It starts out reasonably enough, but by the time he’s done you can almost see him waving that mic around and exhorting. It’s too late, and Im too sleepy to want to be exhorted, and it did seem a shame to to break into that prayer meeting he had going…

    We are, indeed, our own god, our conscience, our good and bad bits, all stemming from our own personal core. Society has it’s own morals, and we abide by them or pay the price–family has a different set of rules, as does your school, and your friends, your spouse, boss, and co workers. What you end up with is an amalgam of behaviors culled from society that may or may not be church based, but are certainly who you are. The church (no one is ever really clear on which church out of the hundreds of sects now swarming) claims the prize, but I they would anyway.

    And they choose to ignore the fact that non_christians have their own customs, rules, dietary habits, and laws. No one religion or sect owns god even though they claim to. And what arrogance to do so…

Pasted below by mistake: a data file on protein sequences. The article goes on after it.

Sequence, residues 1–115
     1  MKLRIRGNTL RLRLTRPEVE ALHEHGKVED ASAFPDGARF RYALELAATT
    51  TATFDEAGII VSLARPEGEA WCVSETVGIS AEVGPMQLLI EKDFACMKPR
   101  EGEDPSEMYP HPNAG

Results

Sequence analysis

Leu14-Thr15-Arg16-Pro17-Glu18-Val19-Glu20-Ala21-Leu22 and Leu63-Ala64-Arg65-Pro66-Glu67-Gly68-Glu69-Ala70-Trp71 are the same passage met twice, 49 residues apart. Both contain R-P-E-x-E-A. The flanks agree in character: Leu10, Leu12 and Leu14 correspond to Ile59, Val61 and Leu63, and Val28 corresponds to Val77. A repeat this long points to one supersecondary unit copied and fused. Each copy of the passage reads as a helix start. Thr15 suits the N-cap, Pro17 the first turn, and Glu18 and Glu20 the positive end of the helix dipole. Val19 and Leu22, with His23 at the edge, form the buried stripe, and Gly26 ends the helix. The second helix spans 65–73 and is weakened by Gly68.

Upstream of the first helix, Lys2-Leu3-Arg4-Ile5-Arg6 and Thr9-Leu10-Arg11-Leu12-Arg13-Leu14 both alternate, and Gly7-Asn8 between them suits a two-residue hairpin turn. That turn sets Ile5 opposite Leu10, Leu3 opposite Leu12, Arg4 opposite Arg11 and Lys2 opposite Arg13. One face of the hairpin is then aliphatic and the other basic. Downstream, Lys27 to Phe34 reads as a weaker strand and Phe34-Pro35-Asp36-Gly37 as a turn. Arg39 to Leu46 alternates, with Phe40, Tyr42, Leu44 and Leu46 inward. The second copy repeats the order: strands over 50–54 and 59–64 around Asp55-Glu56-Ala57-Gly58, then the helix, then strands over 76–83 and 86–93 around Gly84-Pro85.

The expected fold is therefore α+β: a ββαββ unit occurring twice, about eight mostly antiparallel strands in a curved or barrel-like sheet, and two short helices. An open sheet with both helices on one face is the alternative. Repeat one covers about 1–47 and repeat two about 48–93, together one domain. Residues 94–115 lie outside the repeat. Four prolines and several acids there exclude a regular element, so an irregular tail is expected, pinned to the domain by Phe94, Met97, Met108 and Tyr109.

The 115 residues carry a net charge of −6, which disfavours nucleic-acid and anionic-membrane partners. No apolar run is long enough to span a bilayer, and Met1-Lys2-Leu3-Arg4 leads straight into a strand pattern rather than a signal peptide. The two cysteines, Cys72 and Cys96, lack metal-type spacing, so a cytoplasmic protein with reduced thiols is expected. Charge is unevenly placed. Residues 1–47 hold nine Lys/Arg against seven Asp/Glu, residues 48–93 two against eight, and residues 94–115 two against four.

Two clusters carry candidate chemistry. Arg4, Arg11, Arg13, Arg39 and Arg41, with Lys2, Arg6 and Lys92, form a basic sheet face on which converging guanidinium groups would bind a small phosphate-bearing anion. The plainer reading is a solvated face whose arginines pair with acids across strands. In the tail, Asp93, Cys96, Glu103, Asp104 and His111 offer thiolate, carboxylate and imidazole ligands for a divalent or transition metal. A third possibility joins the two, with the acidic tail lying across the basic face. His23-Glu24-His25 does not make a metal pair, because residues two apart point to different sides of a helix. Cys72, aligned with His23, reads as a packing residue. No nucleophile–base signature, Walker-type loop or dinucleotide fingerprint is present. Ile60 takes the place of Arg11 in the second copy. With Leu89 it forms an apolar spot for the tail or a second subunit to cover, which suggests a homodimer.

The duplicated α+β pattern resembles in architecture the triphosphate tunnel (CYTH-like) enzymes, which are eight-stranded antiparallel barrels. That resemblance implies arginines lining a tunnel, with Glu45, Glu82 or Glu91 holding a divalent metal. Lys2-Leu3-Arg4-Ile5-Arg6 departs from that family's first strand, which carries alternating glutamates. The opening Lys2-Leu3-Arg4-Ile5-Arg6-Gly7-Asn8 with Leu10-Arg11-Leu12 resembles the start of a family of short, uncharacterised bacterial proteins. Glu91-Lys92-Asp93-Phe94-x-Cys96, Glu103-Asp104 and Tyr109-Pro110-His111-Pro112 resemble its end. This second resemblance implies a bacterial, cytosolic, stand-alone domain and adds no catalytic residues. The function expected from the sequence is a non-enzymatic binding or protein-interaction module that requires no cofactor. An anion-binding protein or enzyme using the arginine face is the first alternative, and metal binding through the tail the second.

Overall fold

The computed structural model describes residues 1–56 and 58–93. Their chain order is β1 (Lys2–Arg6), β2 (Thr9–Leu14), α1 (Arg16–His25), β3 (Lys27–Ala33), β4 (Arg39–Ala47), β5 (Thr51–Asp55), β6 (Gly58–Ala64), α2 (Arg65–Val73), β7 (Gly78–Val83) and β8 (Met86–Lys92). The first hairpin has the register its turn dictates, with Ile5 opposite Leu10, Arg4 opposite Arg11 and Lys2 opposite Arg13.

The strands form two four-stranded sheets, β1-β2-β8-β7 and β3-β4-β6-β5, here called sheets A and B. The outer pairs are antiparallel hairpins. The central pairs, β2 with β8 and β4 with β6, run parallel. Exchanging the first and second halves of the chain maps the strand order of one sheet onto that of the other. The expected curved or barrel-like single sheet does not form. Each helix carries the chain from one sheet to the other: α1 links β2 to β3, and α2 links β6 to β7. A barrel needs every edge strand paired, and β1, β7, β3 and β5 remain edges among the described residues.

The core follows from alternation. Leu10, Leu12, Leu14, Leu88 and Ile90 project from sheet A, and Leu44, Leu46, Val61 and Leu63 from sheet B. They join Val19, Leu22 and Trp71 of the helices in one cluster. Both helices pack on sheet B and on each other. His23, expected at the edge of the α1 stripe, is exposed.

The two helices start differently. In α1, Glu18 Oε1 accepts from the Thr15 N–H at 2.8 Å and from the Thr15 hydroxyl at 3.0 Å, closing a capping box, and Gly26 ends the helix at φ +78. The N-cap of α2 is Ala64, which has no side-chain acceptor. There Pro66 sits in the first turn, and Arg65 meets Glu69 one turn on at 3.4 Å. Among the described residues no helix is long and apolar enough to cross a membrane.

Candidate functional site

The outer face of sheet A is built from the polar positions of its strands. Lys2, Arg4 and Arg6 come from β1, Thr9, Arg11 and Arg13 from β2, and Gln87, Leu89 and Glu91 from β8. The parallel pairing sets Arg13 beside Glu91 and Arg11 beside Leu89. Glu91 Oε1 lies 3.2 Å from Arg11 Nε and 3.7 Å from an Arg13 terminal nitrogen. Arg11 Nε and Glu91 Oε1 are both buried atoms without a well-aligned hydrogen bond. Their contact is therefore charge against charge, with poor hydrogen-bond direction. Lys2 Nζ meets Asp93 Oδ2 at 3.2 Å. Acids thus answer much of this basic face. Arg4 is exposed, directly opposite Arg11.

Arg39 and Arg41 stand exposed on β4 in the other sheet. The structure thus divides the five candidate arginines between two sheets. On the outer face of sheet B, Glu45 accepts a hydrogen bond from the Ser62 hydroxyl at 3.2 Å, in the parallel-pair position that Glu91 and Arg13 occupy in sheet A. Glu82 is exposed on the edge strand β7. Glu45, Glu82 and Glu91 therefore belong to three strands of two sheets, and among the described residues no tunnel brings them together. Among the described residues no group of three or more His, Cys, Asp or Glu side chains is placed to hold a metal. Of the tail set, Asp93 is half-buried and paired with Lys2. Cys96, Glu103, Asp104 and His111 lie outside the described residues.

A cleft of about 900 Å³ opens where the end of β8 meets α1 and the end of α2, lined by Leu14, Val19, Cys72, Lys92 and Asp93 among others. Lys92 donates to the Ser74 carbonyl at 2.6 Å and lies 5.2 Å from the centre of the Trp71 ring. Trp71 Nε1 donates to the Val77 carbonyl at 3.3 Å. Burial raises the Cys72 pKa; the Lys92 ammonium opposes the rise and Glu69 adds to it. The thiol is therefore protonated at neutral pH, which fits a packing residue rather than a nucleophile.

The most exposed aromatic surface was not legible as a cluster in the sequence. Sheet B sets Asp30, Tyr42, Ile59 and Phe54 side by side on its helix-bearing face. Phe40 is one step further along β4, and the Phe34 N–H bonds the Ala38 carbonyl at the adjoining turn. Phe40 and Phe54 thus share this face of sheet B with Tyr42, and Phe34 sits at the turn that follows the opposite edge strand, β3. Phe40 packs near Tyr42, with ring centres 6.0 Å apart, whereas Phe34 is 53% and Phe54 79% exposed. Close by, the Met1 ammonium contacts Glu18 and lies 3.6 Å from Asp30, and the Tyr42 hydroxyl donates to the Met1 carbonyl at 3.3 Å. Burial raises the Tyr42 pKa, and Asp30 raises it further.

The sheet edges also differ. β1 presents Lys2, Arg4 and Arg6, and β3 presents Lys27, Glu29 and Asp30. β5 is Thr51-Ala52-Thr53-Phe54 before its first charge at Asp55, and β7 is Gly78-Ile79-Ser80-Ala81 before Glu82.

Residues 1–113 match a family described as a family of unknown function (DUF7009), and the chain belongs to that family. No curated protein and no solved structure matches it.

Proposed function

I seriously think that if all the christian sects were gathered together they would beat each other to death trying to prove that they were hoiier than anyone else. Think, calico cat and the gingham dog.

    Liked by 1 person

  3. migarium says:

    No matter what religion they have, most believers, why do they usually make judgement kind of the form of “this is certain information”; this is incredible, my Earthling friend.

    It’s actually very simple. While unbelievers like me have faith full in their unbeliefs, most believers have no full faith in their beliefs. If they are ok with their beliefs why they constantly use the words like in this post, “Any way you look at it, it is a sin,” or “those who claim to be atheists are often those who have experienced trauma in life”. Even if these are side by side with softened sentences, this is kind of aggression situation; I can see.